Obama’s Moment To Call Us To a Greater Collective Commitment

To get to “we,” Obama’s speech needs to avoid “I” and “they,” writes Mark McKinnon.

Here’s what I don’t want to hear in President Obama’s inaugural address:

The word “I.” A recap of his first term. How hard things have been. No straw men. No references to “they.” As in, “They said we couldn’t, or shouldn’t take on ... [fill in your favorite agenda item].” No blaming Republicans for obstructionism. No whining. No excuses. No long speech.

To borrow a signature phrase, let me be clear: This day is not about him. It’s about us. Our nation. Our future. Where do we go from here? What is the right path forward? How do we come together?

We have been given so much. Yet so much is left to be done. But we are Americans. And today that is what we celebrate.

Democracy is but an experiment in the long history of the world. And ours, rarer still: a representative republic, a country owned by the people. One people. An idea enshrined in our founding documents and echoed years later by Abraham Lincoln in the Gettysburg address. Ours is a government of the people, by the people, for the people. An ideal sanctified by the blood of many who came before us and by those forgotten who fight in our name still.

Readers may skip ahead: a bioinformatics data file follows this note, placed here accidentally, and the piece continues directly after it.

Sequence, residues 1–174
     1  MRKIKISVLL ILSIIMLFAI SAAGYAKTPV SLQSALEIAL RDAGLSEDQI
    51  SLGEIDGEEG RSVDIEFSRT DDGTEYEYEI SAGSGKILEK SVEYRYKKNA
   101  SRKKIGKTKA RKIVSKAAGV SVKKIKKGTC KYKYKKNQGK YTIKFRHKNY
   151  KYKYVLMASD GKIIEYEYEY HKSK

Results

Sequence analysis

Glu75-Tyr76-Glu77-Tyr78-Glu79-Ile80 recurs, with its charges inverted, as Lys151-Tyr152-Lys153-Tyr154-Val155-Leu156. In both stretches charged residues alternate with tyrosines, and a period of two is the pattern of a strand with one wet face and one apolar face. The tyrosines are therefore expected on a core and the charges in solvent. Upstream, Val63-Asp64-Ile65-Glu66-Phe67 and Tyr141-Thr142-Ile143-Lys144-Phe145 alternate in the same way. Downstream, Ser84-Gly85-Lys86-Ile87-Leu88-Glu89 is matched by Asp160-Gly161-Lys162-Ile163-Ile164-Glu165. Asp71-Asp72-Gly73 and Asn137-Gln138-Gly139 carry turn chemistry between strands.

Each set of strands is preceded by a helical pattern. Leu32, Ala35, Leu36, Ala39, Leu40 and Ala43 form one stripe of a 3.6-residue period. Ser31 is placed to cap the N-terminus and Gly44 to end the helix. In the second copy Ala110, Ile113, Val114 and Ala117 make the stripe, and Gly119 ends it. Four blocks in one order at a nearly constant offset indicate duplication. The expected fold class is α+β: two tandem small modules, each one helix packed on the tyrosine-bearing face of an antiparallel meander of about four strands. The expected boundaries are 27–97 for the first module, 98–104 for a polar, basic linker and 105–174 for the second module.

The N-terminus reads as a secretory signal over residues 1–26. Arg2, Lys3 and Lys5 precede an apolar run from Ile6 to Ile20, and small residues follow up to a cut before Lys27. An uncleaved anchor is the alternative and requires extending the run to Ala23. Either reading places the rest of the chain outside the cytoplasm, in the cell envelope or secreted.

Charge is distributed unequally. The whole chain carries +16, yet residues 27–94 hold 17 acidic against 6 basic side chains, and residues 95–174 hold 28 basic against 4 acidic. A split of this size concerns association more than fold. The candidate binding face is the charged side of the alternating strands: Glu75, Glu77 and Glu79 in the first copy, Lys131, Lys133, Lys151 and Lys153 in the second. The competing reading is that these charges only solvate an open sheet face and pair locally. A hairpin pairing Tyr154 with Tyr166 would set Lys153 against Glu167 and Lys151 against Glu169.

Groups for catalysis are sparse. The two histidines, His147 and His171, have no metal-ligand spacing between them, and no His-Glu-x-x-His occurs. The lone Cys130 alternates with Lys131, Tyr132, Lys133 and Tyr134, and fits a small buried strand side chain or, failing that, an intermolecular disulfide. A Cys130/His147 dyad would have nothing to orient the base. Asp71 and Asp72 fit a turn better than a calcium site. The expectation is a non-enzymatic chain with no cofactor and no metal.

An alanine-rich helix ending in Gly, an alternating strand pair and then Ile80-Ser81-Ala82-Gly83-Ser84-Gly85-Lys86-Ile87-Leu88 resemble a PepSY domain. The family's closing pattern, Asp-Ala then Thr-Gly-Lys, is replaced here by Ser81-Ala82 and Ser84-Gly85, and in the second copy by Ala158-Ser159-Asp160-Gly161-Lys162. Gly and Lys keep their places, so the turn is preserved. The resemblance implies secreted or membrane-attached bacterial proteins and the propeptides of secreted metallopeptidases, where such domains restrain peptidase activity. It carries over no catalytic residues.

Here’s what I do want to hear:

The word “we.” A call to a greater collective commitment. A recognition of the sacrifices to come. A signal of willingness to do the unpopular, to take on his political base. A surprise or two. Humility. Faith. Gratitude. And keep it short.

How great a legacy to leave: To call together an anxious nation. To calm the divide and ask brothers to lay down their arms. To inspire them to a greater cause—to fight not against each other, but alongside each other for something far greater than ourselves.

This day, this country, this future—it is ours. Will he answer the call? And will we?